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This study examines media discourse of academic adversity and resilience to understand what are considered to be deterrents of academic success and what are believed to effectively counteract the deterrents and contribute to educational resilience. Data are drawn on discourse analysis of media coverage in Hong Kong of the success stories of students at risk after the release of university entrance examination results. In Hong Kong’s extremely competitive education system, only about 20% of secondary students are admitted to university degree programs. Hong Kong uses a centralized and uniform public examination as the only criterion of university entrance screening, reinforcing an examination-dominated culture. Success in public examination is equated with success in intellectual advancement or even in life. Underprivileged students are often described to be “losing at the starting line,” implying that they are doomed to failure right at the start. Every year after the announcement of the public examination results, success stories of students who have beaten the odds receive significant news coverage for days. This paper discusses how educational resilience experiences are represented in the mass media, how the students concerned articulate their situations, and the implications of such media discourse on academic resilience.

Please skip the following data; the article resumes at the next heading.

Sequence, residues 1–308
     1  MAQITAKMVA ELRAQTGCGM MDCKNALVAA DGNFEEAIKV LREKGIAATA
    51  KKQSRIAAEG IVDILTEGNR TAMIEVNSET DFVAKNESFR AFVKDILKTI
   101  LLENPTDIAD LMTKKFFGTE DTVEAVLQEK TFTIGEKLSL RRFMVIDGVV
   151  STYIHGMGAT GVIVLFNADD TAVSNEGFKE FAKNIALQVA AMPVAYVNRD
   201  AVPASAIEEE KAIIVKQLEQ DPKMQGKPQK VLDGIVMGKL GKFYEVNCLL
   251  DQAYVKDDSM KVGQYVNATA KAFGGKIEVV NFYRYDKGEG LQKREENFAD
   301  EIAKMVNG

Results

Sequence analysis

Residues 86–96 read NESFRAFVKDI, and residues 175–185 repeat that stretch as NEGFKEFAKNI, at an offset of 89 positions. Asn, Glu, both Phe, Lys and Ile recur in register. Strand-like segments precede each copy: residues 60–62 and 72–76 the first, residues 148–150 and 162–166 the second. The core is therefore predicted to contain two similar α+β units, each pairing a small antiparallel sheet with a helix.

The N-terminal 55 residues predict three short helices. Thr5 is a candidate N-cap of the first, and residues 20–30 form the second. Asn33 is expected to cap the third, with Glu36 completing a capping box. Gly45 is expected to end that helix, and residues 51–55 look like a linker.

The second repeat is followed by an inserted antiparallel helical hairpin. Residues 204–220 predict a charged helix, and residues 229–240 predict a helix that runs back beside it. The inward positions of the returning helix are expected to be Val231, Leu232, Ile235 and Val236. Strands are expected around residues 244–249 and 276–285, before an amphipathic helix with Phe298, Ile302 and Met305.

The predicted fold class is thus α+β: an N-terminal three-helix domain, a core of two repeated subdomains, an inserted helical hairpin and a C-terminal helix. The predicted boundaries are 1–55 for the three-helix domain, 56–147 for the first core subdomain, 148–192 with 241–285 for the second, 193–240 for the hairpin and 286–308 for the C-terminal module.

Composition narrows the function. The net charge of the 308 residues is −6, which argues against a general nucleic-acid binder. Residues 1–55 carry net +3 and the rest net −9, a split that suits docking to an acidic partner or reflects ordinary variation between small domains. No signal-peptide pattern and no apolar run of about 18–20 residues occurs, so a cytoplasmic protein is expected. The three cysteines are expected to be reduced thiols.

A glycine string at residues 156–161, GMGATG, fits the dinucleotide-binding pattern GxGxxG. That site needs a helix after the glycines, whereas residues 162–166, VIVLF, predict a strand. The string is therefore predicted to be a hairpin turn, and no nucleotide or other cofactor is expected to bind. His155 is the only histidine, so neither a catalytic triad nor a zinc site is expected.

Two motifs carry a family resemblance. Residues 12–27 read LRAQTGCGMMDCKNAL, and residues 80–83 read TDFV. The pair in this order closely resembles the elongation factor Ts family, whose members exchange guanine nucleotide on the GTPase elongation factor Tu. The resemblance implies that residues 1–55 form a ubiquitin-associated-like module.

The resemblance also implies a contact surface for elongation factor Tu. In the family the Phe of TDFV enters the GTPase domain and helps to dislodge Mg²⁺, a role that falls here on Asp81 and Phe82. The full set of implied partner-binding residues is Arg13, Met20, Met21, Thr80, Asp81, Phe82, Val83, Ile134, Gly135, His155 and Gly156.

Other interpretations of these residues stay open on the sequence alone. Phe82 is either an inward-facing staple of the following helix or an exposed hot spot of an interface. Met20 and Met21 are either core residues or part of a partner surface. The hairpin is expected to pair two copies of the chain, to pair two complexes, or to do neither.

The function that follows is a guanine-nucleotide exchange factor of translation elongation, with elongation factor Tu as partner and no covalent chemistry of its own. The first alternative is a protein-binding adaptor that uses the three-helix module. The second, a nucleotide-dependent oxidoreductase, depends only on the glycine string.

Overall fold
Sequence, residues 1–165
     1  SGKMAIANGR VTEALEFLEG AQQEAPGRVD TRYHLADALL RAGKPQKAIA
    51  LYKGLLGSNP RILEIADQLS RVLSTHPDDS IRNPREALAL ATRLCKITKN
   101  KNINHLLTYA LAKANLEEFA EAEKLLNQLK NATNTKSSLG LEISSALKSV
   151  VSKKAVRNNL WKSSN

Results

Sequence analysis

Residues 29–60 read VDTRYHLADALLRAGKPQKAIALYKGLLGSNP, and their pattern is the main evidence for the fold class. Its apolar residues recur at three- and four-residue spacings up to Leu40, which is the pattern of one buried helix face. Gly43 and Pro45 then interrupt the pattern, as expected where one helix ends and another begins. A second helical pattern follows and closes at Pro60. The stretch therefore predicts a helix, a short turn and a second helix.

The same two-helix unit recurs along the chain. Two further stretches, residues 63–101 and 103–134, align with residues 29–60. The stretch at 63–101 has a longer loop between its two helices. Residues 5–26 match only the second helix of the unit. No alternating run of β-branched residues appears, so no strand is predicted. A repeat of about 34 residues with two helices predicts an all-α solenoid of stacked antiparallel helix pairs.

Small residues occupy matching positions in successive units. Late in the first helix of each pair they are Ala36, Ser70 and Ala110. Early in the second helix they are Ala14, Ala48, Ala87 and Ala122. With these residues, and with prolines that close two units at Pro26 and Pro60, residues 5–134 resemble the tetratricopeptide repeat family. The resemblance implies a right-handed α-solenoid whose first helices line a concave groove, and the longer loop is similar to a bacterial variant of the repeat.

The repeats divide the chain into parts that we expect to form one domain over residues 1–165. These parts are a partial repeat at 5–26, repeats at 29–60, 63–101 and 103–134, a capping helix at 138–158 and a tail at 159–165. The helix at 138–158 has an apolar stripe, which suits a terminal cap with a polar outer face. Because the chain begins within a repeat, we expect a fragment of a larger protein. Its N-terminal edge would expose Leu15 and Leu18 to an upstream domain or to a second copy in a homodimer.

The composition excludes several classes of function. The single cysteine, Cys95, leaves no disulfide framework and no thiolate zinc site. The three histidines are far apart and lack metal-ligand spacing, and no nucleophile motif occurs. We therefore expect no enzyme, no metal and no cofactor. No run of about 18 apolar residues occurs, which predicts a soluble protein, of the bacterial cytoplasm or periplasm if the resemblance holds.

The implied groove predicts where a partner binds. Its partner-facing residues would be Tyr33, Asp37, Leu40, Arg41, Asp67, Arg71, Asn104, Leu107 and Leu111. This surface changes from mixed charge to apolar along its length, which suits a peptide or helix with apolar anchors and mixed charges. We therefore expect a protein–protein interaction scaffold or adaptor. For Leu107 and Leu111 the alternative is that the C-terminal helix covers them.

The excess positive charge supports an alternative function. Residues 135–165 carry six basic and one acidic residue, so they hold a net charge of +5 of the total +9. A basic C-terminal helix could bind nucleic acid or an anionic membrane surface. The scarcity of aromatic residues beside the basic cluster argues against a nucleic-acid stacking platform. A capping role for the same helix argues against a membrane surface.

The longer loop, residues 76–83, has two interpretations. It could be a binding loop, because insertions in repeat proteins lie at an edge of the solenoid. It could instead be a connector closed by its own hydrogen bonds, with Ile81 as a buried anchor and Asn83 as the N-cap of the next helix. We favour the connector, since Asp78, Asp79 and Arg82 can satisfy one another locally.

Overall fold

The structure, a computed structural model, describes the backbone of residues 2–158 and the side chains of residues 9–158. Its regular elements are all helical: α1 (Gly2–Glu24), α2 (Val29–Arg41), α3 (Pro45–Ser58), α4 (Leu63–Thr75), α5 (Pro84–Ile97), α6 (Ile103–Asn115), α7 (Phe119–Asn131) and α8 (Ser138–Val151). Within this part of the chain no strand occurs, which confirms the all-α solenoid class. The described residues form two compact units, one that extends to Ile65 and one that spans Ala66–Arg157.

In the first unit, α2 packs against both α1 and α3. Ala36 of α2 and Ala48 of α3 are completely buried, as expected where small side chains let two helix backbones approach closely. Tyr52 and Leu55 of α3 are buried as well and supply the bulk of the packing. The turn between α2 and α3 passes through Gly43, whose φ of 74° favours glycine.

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- “Lose at the Starting Line, Win at the Finishing Line”: The Narratives Behind Beating Academic Adversity
- Springer Netherlands
Social Indicators Research
An International and Interdisciplinary Journal for Quality-of-Life Measurement
Print ISSN: 0303-8300
Elektronische ISSN: 1573-0921
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